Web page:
“The new initiative of the self-collect pathway for cervical screening, where the patient can do their own sample in a clinical setting, should be cleared in NSW in a couple of months. Be mindful that this option is only available for women who are under-screened or have never been screened and has restricted Medicare benefits. To access it you must be over the age of 30 and not been screened for 2 years over the recommended screening interval. It is very prescriptive and must be done within the doctor’s surgery. It cannot be done at home like the bowel screening test for example. You discuss it with your medical professional, they give you the sampling devise and it can be done behind a curtain or in a bathroom. The swab is then sent to the lab and it is very quick and easy. This was included in the new screening program because of some of the barriers to cervical screening that were identified such as uncomfortable vaginal examinations,” continues Professor Farnsworth when talking about the new cervical screening innovations.

Professor Annabelle Farnsworth
Medical Director & Director of Cervical Screening at Douglass Hanly Moir Pathology.

“The new screening is now only every 5 years for women aged between 25-74 and is so sensitive and accurate that it picks up HPV as early as possible and, if you are negative, means you don’t have to go back for a cervical screen for another 5 years.”

Early detection of bowel cancer

Donna Pettigrew
Former nurse and Commissioning Operations Manager at Sydney North Primary Health Network

“In Northern Sydney, bowel cancer screening rates among men aged 50-74 years are lower (37.9%) compared to females from the same age group (40.9%), so the men need to pull up their socks and get those samples in the posts. Sounds unpleasant, but the potential of something far more serious like bowel cancer is far worse”

None of us really want to talk about cancer screening, especially when it comes to the “poo test” with Bowel Cancer screening. However, the free bowel screening kit you get delivered to your home every two years after you turn 50 by the Australian Government, can be done at home and posted back to check for any abnormalities in the bowel that may lead to bowel cancer.

“Once you have sent your samples in the post and the clinical tests have been done, your result will be mailed to you and your doctor (if you have nominated one) a few weeks after you post your samples. If no blood is found in your samples, your test result will be NEGATIVE. This does not mean that you do not have or can never develop bowel cancer. Tests like these detect up to 85% of bowel cancers. Therefore, it is important to screen every two years and talk to your doctor if you develop symptoms after getting a negative result. If a POSITIVE result is found in your samples discuss is right away with your GP. A positive result may be due to other factors such as polyps, hemorrhoids, or inflammation, but it is important to investigate. Your doctor may recommend a further test to find the cause of the bleeding, usually a colonoscopy,” says former nurse and Commissioning Operations Manager at Sydney North Primary Health Network, Donna Pettigrew.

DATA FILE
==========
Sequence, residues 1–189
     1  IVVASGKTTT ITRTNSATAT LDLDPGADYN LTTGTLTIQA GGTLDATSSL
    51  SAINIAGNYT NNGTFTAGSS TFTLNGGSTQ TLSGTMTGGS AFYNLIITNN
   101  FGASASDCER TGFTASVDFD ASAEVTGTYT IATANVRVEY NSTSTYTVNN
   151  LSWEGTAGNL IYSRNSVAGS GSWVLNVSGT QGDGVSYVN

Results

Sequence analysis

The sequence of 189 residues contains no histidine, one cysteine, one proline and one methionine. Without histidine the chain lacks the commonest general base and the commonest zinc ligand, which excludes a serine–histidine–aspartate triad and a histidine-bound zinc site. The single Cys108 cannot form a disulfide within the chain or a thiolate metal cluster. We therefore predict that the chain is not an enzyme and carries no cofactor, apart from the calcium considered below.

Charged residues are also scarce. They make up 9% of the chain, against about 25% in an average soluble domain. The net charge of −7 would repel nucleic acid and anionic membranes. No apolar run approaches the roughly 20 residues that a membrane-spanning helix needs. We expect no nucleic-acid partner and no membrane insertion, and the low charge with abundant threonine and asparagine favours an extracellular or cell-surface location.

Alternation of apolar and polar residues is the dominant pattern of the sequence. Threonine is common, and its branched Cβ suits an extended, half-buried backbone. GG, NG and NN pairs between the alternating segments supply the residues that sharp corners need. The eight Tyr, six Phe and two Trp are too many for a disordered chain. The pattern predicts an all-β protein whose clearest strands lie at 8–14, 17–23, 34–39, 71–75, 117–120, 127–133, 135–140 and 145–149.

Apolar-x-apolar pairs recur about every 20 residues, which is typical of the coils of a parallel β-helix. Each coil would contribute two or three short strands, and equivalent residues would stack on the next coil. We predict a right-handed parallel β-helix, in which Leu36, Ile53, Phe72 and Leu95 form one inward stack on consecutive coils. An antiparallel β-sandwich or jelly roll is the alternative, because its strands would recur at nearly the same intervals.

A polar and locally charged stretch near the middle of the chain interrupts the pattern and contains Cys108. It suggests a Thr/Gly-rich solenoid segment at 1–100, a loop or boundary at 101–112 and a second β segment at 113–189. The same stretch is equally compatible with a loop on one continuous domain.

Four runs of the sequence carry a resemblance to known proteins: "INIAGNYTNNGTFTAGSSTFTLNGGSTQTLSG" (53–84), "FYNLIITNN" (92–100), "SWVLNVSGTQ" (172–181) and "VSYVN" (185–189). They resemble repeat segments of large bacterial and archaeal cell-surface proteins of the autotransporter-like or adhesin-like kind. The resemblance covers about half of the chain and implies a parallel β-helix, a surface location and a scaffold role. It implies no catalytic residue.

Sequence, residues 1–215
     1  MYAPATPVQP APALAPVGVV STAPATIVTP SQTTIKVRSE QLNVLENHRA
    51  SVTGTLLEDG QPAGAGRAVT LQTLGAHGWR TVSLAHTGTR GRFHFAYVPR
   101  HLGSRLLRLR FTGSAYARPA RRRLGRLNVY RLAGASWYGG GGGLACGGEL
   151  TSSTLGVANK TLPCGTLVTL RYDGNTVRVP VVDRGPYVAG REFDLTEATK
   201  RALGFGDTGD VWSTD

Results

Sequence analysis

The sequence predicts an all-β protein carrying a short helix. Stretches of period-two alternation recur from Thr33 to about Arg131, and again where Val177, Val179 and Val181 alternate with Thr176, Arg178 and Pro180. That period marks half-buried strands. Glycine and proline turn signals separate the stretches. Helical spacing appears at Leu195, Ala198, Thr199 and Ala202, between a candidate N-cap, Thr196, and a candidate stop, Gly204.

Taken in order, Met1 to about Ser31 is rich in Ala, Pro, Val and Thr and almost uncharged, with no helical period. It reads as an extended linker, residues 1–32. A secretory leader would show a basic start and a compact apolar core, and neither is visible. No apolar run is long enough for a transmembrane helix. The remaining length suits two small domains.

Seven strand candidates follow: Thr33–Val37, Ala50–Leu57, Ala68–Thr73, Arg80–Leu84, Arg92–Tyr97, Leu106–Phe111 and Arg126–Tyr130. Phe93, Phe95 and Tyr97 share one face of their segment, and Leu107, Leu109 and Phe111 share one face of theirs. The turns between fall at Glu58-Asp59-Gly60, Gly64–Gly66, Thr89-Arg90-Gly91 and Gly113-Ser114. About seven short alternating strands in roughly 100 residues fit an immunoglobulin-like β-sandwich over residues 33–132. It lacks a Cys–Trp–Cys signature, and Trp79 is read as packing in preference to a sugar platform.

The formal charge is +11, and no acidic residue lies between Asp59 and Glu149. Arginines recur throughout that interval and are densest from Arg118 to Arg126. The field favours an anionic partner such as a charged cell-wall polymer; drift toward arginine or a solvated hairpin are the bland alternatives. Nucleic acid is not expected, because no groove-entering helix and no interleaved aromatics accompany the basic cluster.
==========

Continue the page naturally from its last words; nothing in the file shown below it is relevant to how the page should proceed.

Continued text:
“In Northern Sydney, bowel cancer screening rates among men aged 50-74 years are lower (37.9%) compared to females from the same age group (40.9%), so the men need to pull up their socks and get those samples in the posts. Sounds unpleasant, but the potential of something far more serious like bowel cancer is far worse,” says Donna.

A number of new program resources are available on the National Bowel Cancer Screening Program website. These resources include the Home Test Kit instruction brochure which provides the four easy steps that may help save your life and translated resources in 22 different languages.

The facts about screening for Breast Cancer / Mammograms

  • BreastScreen NSW recommends women aged 50-74 to screen every 2 years. The Australian and NSW Governments jointly fund these free mammograms.
  • Women at 50 years of age are invited by BreastScreen NSW to have their first free breast screen; those aged 40-49 or 75 and over are also eligible for free mammograms however women in these age groups are encouraged to discuss this with their General Practitioner first.
  • Mammograms can show microscopic breast cancers before they can be seen or felt. Finding a breast cancer earlier helps better a woman’s chance of survival.
  • Regular 2-yearly mammographic screening remains the clinically recommended method of detecting breast cancer early. This is important because the smaller a breast cancer is found; the more options women have for treatment.
  • Women who have their breast cancer detected early through a screening mammogram with are much less likely to need a mastectomy or chemotherapy.
  • 9 out of 10 women who develop breast cancer do not have a family history of breast cancer. Many people think that a family history of breast cancer puts you at the highest   risk of developing this type of cancer – but did you know that age and being female are the two biggest risk factors?

Call Breast Screen NSW on 13 20 50 to book your free screening mammogram today; don’t delay.

Or book online: https://book.breastscreen.nsw.gov.au/

There are over 200 locations in NSW. 20 minutes every 2 years could save your life.

For further information and resources, please visit our cancer screening website page.